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You Can't Ride Around With A Tiger On Your Bike One man-cub, one motorbike. And a tiger-striped poncho, just in case.


UNITED KINGDOM | Saturday, 22 October 2011 | Views [772]

The morning after, stumbling around Edinburgh with some strawberry milk and a donut, it was one of the saddest moments of my trip. I felt completely lost and just wanted to go home to Australia, give up on whatever the heck I was trying to accomplish with this silly trip abroad.. :(

The morning after, stumbling around Edinburgh with some strawberry milk and a donut, it was one of the saddest moments of my trip. I felt completely lost and just wanted to go home to Australia, give up on whatever the heck I was trying to accomplish with this silly trip abroad.. :(

"Scots: Inventors of the modern world. You're welcome." ~ Ewan McGregor, Long Way Round.

(At the time of writing this, I ain't in Scotchland. I'm back in London. I don't own a motorcycle [not counting the scooter I own back home in Australia. Scooters ain't motorcycles anyway, they're engine-bicycles]. I have but a few thousand quid to my name, a one-way ticket to India in my pocket, and no one to spend Christmas with... On the bright side, it ain't snowed yet, I have a roof over my head, Vietnamesian beef-noodle soup in my tum, and the motivation to play catch-up with my journalising. Apologies for being so slack over the last month or so, glad you're still with me) xxo

Rite-o. Ignoring the first paragraph there, I'm back in Edinburgh! Wheee! I miss cities. I miss the easy accessibility to my vices. I've been craving donuts something vicious. Donuts and human contact. Donuts first though. But before donut must come accommodation. I found a YHA in central Edinburgh and booked for three nights. They very kindly allowed me to park my bike out the back in the tiny staff carpark, but I didn't mention to the receptionist how big my bike actually was lest he turn me down. Parking in cities in the UK is such a hassle, even for a motorcycle, and especially for a motorcycle combo like mine, where even the majority of free bike parking spaces have a sign allowing only solo bikes to use them. I met the manager of the hostel while I was busy wheeling my bike into position across a fire exit. He told me to fuck off, but only because he thought I was English. I wasn't so he let me park in front of his car. What a nice man.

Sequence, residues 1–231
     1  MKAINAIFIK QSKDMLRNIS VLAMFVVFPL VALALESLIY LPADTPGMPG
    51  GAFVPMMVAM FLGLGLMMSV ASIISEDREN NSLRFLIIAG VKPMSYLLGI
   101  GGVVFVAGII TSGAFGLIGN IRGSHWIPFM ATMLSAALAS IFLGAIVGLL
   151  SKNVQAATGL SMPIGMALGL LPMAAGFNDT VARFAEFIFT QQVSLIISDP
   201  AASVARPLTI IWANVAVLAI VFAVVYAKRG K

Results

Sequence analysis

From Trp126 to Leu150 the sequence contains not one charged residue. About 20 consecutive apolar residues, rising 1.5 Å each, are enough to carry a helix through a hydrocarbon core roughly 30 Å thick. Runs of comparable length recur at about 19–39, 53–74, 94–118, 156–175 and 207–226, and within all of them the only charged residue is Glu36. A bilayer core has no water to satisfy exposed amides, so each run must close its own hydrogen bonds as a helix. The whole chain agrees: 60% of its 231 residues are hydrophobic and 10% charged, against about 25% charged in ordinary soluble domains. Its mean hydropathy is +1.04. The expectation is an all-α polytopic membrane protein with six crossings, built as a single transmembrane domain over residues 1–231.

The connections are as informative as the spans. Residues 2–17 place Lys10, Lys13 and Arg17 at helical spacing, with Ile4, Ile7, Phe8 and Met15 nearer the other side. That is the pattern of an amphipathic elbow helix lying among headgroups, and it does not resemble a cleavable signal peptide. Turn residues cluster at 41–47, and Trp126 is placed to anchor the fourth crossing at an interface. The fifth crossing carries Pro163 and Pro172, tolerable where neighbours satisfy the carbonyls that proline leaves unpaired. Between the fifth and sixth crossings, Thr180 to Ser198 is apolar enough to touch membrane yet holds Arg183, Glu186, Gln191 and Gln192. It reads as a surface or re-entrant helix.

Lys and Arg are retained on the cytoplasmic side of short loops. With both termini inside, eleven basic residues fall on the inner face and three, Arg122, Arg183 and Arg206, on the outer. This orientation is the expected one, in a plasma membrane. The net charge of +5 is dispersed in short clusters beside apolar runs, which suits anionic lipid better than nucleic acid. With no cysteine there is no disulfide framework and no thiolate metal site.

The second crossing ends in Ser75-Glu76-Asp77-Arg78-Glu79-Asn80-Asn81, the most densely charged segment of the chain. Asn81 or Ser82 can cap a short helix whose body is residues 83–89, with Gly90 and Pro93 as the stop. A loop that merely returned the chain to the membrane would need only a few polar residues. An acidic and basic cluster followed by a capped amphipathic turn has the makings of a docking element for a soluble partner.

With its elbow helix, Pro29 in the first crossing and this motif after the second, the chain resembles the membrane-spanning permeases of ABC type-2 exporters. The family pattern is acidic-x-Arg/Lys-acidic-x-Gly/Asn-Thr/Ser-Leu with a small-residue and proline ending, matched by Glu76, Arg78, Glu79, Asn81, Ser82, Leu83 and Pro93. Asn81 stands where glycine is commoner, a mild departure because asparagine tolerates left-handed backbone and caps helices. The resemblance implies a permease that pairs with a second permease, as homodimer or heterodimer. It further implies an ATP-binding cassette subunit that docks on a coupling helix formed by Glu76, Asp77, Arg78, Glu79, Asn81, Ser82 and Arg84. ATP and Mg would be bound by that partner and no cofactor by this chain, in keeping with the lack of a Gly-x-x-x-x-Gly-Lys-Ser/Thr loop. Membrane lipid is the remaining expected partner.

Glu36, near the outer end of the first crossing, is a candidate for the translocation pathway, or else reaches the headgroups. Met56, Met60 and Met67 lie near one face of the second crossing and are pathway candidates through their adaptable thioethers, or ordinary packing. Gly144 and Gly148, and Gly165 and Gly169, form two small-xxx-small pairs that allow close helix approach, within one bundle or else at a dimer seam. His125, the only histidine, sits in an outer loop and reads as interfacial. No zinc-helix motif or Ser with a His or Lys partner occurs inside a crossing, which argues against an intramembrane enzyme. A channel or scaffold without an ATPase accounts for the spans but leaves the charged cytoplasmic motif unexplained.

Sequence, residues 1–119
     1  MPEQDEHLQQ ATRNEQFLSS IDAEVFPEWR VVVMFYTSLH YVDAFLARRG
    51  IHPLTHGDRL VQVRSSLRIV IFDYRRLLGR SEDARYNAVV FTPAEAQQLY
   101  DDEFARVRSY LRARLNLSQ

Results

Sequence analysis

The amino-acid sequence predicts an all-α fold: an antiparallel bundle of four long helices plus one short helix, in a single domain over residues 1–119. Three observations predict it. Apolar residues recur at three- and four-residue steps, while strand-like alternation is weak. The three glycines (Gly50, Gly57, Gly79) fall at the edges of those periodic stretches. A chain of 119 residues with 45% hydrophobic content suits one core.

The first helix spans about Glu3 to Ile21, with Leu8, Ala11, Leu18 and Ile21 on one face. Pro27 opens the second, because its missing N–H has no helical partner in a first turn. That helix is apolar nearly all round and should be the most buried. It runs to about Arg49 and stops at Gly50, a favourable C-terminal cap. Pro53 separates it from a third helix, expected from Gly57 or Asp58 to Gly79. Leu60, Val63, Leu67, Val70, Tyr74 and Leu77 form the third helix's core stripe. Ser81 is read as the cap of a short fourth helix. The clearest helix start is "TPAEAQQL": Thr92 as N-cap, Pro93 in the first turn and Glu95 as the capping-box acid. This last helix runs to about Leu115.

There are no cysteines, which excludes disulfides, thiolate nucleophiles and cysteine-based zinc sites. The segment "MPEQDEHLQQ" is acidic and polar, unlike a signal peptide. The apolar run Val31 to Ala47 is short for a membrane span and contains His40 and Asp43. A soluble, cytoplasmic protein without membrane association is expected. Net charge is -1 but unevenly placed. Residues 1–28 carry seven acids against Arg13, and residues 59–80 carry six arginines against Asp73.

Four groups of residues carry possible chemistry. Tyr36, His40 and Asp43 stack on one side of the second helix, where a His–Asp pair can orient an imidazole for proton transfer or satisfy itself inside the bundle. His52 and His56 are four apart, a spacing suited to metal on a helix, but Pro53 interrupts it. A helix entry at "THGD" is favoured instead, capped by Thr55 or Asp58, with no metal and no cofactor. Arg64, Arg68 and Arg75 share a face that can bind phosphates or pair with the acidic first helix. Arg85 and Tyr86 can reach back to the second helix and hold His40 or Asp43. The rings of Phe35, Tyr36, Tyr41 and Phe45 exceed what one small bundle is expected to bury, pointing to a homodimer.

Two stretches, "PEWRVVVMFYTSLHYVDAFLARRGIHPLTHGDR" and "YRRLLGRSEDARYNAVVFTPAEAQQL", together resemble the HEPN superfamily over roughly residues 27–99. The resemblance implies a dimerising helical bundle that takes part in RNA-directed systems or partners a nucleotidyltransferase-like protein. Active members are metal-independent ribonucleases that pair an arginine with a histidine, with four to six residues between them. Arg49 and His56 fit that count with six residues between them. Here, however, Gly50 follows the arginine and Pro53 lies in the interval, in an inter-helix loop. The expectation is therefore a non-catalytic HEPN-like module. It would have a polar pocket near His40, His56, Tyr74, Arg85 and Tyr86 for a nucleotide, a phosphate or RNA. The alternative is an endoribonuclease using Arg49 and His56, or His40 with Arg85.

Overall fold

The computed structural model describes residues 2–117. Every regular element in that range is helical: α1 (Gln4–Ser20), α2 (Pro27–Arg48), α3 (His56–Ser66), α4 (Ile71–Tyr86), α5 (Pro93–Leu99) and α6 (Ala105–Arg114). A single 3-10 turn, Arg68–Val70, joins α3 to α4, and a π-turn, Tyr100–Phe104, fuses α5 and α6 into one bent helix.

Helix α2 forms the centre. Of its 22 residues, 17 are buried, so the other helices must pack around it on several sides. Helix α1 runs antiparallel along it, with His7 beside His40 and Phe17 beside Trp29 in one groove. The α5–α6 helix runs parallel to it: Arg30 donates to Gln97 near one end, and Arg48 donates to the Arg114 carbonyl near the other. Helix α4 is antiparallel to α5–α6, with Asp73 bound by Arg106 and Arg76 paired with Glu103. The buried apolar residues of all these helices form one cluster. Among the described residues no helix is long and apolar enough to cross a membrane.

After getting my gear sorted, I hit the phones. Had a rather worrying text message from my insurance company while I was wandering the moors up in countryside Scotland, stating that my bike insurance was due to be cancelled for some unknown reason. Eep. I wanted to wait til I was in Edinburgh before I sorted it out, as I was low on phone credit and decent call reception. Turns out that I had to fax them a copy of my international driving license, which I had previously sent by mail but they failed to receive, meaning I had until now been driving an uninsured vehicle, which was illegal, and if caught I faced the possibility of getting my bike siezed by the police, taken away and crushed into a cube.

HOMER:"Morning Mr. Burns, here's your messages."
"You have 30 minutes to move your car."
"You have 10 minutes to move your car."
"Your car has been impounded."
"Your car has been crushed into a cube."
"You have 30 minutes to move your cube."
HOMER: "Yello, Mr.Burns' office?"
BURNS: "Is it about my cube?"

Having sorted out this kerfuffle (insurance companies, phone companies, banks, would much rather shit in my hands and clap than deal with these companies over the phone), it was time for a stiff drink to calm my growly spirits. The receptionist at the hostel recommended a bar down the road called... Providence, or Prudence, perhaps Premises, I'm not sure anymore. It was a fantastic little place, the walls covered with rockabilly paraphenalia, the bartop pasted with random stupidity cut out from tasteless magazines to amuse the patrons. One stiff drink soon became two, then three. I ended up in the company of a few locals who shouted me drinks and told me how shit they thought the English were. The night ended with me passed out in the corridor of my hostel, where someone stole my half-eaten kebab. Who steals kebabs, honestly!